What have you learned about yourself during your travels: Before I started traveling, I had a fear of being alone. Eating in a restaurant alone, going to the movies alone, getting ice cream alone. Once I took that first leap and started traveling solo, I realized that I actually love being alone! There’s nothing like exploring a new city by yourself. When I’m wandering on my own, I absorb my surroundings more; from the architecture and storefronts, to the people, sounds and smells. Secondly, I’ve also realized I really prefer life without a smartphone! When I travel, I generally don’t get an international data plan. When there’s wifi, cool, but when there’s none, it’s just me, myself and the world. No Facebook notifications, no Whatsapp dings, and no “I should really be Snapchatting this” feelings. Just me and my surroundings!

What item will you never leave home without: Necklaces! I have a small compartment in my suitcase dedicated solely to my necklace collection. My secret to travel fashion: You can wear the same shirt 5 days in a row, but it’ll look completely different every day with a different necklace! That everyday black sweater just got a lot more exciting.

Describe your most unique or funniest travel experience: I drank coffee in a cave with Senegalese cave men in Granada. Granada has a cave “barrio”, or neighborhood, where an entire community of Senegalese immigrants reside. I was hiking through the cave barrio, and started talking with one of the Senegalese men. He seemed really nice, and well, thanks to my spirit of adventure (sorry mom) I accepted his offer into his cave. It was me, an Estonian guy from my hostel, and 8 Senegalese cavemen drinking coffee made from a clay pot.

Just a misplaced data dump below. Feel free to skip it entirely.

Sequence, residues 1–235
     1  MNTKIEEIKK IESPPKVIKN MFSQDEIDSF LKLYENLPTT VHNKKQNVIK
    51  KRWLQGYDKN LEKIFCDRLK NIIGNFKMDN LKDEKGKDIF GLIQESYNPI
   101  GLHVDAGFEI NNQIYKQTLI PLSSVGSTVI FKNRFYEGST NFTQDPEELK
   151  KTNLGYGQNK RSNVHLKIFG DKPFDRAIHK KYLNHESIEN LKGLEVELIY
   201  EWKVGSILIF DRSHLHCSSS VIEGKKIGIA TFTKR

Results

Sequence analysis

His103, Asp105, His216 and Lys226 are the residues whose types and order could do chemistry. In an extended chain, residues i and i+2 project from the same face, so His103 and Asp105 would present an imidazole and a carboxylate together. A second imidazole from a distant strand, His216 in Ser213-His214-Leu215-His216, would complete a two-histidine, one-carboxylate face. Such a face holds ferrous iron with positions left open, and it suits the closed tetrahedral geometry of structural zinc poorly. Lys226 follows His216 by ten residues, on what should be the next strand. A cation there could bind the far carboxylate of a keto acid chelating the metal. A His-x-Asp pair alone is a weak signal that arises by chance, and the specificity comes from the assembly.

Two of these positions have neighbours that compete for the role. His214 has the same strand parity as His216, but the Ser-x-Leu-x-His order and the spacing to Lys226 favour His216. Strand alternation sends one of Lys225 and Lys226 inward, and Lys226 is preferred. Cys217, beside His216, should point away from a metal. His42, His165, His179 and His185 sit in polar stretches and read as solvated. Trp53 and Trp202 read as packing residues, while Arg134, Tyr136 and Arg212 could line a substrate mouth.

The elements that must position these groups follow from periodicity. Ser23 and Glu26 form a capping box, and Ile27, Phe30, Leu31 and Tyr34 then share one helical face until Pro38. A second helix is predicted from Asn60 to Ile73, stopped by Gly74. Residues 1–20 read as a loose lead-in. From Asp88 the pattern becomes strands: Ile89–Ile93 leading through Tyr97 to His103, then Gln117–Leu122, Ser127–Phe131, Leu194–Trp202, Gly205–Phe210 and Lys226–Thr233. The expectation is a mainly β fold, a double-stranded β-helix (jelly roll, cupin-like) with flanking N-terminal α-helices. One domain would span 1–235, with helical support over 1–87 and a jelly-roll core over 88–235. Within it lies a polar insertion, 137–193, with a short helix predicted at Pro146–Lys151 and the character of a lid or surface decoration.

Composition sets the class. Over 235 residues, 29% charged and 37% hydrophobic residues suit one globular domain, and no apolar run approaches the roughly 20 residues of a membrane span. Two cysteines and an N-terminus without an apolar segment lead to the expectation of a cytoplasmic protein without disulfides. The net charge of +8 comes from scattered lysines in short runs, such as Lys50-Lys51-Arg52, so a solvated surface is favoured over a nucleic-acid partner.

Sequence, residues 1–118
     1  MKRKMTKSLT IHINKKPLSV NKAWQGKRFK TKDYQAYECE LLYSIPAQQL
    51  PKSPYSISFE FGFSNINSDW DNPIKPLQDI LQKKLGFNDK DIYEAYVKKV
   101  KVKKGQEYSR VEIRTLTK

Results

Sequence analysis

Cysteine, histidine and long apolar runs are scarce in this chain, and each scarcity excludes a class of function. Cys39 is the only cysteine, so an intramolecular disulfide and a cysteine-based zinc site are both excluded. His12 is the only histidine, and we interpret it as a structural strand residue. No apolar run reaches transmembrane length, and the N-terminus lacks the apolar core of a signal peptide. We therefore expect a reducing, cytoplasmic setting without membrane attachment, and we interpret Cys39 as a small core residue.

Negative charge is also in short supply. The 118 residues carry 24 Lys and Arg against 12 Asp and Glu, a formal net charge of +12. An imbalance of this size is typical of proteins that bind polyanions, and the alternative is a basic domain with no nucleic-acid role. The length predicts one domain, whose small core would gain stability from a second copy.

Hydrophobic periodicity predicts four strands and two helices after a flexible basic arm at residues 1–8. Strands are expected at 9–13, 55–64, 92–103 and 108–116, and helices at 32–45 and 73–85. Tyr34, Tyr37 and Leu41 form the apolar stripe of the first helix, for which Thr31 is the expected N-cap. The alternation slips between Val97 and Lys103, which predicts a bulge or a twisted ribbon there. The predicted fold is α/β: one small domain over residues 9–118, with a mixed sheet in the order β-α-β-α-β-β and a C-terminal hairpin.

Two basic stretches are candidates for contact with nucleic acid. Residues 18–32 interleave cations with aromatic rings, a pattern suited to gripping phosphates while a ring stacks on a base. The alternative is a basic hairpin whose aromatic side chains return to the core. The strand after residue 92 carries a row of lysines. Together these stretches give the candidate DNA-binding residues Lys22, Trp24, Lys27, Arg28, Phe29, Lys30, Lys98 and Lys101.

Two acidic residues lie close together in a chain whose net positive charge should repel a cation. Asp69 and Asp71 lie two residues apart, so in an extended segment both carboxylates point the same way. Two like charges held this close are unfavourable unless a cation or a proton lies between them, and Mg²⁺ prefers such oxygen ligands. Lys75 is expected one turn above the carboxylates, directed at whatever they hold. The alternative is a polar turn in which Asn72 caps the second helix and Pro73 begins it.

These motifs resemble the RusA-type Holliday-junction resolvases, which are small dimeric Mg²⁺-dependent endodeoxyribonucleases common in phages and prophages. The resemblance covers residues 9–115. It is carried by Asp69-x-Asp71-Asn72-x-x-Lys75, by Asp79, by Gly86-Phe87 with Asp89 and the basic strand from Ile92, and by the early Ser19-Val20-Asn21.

Describe the last time you tried something new: I’m currently writing to you from Germany. Today, I was cooked deer at a German friend’s house, and well, I had to eat it.

What are your travel rituals: Well, first thing I do when I arrive to a city is wander without a map. I like to see where the streets take me, what kind of people I observe, what kind of eateries I pass. The next morning, I like to do a free-walking tour to get a little deeper perspective on the city and see what neighborhoods I want to re-visit on my own. Once back on my own, I stop in as many little stores, restaurants and cafes to talk with the store owners and the locals. They always have the best insight into the city! And sometimes, they’ll even invite you around with them.

What’s one thing you have no problem breaking the bank for when traveling: Food! Some might call me a “culinary tourist.” My way to get to know a city is by eating my way through it! While I generally stay in low budget hostels, search for the cheapest flight and always ride public transportation, I will never hesitate to splurge on a good meal. This doesn’t mean I seek out the “fancy” places. Rather, I like to find the most local, authentic, non-touristy places to get a real foodie “experience.”  

Next travel destination: Paris!

Older posts

© 2018 TWIP

Theme by Anders NorenUp ↑